Because of the circles I run in, I’ve read a lot of friends’ – and “friends’” – recollections of youthful encounters with Bowie songs, when the tunes were new and Bowie was outrageous and scary to the status quo, punk before that term had been codified. As we all know, his personas became talismanic for various outsiders (including those who would become punk pioneers). They drew strength from Bowie’s oblique-yet-powerful narratives of oddballs flouting convention and thereby experiencing the choicer thrills of existence. Sticking it to the man led to the garden of earthly – or celestial – delights.
The inherent promise was that we could be outré and be OK, too, and touching that forbidden place would open doors, would embolden. More often than not, these promises panned out. And for the fans who did not and do not identify as “outsiders,” his pop art spoke to their clandestine renegade impulses; he was their secret sharer. Bowie fans, regardless of how they presented themselves, felt seen, loved, and fortified for the times they would be invisible, undervalued, held in contempt, or betrayed. And those things happen to all, not just misfits.
He was there for us, but it wasn’t through reinforcing a sense of victimhood. With his wonky eye, bad teeth (until the 80s), occasionally cadaverous pallor, and, especially early on, touching uncertainty in his voice (he has averred he is “not a great singer”), he played up his imperfections, appealing to one’s own sense of brokenness, making it cool.
And the whole package was such a turn on. But while it was dead sexy, it wasn’t just about sex. Bowie turned us on beyond carnality, touching places beyond gender, a landscape our culture is only just now claiming en masse. All of the talk of whether or not he was bisexual, or pansexual, or whatever, and what a drag it was he recanted his once-admitted bisexuality, then recanted his recanting, and did he canoodle with Mick Jagger, et cetera, is all so tedious. Those types of questions are, I imagine, among the reasons he stopped talking to the press. At the end of the day – and it is the end of the day – it feels obnoxious to exert energy in a struggle to codify that aspect of his art. Shut up and dance. Shut up and kiss me.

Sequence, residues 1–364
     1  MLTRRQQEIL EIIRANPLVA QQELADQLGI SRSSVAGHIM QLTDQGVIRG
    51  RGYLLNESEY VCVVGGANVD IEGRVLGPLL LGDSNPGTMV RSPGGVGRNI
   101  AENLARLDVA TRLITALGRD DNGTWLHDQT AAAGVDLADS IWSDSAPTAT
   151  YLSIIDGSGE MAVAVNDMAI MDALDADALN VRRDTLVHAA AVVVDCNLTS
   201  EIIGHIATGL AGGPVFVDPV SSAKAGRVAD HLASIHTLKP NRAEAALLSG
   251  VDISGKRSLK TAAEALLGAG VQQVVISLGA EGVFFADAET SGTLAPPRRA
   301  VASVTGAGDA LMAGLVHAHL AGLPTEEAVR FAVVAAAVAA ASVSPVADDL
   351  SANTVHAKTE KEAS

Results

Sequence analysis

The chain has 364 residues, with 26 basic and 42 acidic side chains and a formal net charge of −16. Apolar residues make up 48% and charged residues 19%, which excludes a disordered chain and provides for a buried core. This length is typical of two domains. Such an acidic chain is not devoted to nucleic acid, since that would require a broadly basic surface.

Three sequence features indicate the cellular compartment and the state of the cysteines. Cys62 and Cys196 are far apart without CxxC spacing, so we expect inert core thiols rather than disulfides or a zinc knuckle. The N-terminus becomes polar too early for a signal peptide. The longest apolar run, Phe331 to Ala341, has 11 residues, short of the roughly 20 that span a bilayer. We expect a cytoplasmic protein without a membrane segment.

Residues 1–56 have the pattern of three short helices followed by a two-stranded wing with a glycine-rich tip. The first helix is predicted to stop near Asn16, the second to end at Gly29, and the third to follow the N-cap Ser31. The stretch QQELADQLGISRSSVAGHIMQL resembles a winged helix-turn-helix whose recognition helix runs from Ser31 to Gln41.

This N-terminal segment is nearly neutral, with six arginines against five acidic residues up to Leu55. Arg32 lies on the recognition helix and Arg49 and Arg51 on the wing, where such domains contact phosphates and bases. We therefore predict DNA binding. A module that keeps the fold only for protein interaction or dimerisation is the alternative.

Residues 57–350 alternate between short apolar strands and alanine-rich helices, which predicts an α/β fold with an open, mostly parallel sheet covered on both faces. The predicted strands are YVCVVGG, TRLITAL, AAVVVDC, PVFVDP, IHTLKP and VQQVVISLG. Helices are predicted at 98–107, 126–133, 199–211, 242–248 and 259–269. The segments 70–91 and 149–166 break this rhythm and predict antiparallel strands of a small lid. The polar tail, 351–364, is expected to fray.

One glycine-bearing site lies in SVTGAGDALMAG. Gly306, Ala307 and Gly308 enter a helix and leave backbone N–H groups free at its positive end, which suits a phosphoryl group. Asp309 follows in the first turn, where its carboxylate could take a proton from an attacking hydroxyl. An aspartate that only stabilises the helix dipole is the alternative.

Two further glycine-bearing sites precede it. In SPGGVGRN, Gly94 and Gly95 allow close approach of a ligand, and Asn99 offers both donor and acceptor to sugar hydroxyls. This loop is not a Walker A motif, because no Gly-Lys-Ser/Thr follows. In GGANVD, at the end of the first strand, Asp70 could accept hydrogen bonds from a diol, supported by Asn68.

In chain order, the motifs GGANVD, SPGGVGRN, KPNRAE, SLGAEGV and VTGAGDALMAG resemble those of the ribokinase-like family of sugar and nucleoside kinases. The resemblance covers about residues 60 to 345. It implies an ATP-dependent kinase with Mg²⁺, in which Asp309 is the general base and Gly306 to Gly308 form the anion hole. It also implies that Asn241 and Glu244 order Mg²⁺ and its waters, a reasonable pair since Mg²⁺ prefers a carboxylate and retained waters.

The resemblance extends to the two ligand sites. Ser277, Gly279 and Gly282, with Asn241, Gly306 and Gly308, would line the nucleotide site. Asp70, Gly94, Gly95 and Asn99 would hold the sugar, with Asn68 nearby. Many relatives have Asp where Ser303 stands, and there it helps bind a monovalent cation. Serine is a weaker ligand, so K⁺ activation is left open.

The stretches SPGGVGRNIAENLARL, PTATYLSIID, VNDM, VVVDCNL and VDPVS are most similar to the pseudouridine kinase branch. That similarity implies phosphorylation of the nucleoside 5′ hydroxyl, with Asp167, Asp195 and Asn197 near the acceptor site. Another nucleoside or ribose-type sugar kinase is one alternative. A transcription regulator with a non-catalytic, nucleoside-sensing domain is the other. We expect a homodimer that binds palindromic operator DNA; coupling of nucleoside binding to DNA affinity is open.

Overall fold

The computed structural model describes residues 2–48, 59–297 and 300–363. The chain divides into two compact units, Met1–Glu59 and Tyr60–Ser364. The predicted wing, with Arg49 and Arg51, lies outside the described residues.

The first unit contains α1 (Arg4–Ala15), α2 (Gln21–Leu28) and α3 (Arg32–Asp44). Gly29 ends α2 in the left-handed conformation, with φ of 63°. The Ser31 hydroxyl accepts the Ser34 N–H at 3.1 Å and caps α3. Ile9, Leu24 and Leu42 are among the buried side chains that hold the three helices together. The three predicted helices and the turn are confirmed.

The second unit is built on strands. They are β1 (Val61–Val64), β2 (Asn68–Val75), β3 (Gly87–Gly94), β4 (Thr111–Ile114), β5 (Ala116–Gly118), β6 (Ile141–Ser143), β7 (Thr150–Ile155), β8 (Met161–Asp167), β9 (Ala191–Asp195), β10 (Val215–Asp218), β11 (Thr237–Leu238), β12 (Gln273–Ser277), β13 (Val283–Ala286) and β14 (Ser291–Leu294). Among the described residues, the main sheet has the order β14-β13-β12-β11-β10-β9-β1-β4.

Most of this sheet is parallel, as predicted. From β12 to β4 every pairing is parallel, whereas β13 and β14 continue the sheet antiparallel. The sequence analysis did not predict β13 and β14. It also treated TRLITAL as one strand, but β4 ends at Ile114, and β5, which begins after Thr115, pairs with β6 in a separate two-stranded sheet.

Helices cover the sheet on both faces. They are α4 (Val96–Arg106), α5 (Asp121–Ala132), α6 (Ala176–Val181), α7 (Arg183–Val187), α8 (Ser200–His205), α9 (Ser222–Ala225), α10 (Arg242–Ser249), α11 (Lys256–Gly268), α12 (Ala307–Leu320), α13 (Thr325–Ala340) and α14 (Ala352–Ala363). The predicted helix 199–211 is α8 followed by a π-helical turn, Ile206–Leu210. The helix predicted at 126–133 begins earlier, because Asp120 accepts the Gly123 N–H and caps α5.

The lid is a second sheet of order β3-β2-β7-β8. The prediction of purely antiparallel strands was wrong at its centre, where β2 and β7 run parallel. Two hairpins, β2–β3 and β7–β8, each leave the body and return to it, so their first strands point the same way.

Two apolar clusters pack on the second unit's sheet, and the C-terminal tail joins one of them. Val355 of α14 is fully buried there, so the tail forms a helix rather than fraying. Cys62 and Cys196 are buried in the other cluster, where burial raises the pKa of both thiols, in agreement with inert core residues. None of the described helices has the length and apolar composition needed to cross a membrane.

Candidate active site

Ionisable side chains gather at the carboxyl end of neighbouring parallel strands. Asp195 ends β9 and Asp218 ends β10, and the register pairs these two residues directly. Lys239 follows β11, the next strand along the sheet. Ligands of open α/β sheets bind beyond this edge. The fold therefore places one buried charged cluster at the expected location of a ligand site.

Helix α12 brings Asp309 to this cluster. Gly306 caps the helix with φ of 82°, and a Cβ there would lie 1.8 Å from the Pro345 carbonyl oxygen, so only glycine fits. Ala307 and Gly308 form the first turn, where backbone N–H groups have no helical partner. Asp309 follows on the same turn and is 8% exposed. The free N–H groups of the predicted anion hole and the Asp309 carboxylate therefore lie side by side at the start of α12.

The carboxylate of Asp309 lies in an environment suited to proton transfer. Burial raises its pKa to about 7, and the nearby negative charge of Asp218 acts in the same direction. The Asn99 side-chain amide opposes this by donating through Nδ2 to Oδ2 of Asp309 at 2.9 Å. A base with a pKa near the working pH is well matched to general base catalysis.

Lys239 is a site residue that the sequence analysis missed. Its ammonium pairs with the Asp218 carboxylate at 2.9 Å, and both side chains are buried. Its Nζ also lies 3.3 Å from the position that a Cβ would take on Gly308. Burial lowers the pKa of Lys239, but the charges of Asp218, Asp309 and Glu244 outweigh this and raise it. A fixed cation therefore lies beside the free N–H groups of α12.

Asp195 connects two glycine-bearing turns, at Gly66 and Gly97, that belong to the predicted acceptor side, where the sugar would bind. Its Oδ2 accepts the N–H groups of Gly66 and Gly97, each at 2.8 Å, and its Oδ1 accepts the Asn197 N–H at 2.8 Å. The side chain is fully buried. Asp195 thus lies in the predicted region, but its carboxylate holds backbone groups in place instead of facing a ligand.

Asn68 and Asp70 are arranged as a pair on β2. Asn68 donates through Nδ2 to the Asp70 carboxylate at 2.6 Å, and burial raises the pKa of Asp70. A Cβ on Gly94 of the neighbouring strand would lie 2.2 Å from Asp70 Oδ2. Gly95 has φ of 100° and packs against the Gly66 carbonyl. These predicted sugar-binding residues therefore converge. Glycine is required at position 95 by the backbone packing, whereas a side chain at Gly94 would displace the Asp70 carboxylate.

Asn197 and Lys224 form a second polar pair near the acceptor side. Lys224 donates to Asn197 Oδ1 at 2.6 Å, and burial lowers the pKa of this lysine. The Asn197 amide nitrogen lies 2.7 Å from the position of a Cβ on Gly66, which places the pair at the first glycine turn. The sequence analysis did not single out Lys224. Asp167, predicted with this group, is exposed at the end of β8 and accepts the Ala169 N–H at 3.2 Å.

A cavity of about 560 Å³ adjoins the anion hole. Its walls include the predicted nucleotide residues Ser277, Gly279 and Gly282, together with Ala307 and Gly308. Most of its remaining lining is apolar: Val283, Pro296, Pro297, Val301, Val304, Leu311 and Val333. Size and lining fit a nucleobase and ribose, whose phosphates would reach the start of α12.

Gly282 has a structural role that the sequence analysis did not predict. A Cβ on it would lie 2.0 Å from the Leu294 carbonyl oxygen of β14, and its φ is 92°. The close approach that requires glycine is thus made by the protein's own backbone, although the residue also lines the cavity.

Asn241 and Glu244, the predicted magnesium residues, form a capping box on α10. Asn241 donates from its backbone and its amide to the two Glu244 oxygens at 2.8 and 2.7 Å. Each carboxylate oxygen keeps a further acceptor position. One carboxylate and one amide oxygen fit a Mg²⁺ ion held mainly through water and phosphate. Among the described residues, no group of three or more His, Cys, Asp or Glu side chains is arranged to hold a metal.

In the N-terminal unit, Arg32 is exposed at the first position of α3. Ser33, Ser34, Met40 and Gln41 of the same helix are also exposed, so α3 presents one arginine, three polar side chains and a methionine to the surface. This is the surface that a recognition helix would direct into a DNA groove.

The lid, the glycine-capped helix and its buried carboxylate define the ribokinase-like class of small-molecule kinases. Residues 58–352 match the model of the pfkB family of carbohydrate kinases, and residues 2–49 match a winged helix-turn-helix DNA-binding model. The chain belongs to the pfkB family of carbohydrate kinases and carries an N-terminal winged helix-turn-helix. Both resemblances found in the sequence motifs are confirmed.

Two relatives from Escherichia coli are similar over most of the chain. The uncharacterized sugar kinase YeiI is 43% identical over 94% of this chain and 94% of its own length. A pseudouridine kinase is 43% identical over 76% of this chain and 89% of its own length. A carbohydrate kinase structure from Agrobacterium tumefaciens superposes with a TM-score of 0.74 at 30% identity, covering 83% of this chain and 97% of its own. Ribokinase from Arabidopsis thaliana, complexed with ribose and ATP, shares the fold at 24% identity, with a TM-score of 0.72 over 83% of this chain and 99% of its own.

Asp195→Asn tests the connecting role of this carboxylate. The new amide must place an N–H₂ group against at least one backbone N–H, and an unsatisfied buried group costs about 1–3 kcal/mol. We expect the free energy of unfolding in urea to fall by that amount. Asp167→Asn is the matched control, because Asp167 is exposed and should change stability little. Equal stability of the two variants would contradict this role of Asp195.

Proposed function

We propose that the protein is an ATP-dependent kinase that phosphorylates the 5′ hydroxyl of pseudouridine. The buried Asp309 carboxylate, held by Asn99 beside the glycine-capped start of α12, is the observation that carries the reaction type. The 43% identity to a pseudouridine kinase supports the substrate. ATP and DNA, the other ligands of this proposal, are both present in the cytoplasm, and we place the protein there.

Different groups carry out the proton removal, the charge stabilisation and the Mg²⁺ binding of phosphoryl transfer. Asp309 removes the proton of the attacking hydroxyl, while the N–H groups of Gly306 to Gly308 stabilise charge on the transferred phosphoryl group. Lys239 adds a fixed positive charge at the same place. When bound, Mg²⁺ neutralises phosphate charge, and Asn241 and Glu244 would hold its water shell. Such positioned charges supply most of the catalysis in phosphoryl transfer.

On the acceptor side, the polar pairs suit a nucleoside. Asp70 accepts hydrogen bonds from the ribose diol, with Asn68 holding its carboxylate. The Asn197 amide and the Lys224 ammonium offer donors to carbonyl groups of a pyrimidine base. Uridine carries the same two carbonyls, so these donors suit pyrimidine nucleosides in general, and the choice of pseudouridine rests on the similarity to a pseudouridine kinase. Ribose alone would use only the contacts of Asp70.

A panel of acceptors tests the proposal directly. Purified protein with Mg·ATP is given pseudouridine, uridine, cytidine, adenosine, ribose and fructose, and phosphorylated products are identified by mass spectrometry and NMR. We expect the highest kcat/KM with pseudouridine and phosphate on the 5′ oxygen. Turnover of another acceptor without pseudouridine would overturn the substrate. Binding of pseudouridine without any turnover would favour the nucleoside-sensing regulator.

As ever, the fans – as opposed to the scribes and commentators – know, even if they do not possess the chops to express as much. They know – I know – Bowie gave us a place where souls can touch, sexually and/or otherwise, and even though his flesh is cremated, the places he created through sound and vision remain, landscapes to share as long as we have our senses, our own blessed bodies, and the bravery he bestowed upon us.
Will we ever get over our Bowie Bereavement? Will we wake to a day in which his music or an image of his face, or the sound of his voice, doesn’t evoke sadness, nostalgia, or echoes of the pounding, encompassing grief we now feel? My guess is no. But I think that’s the good news.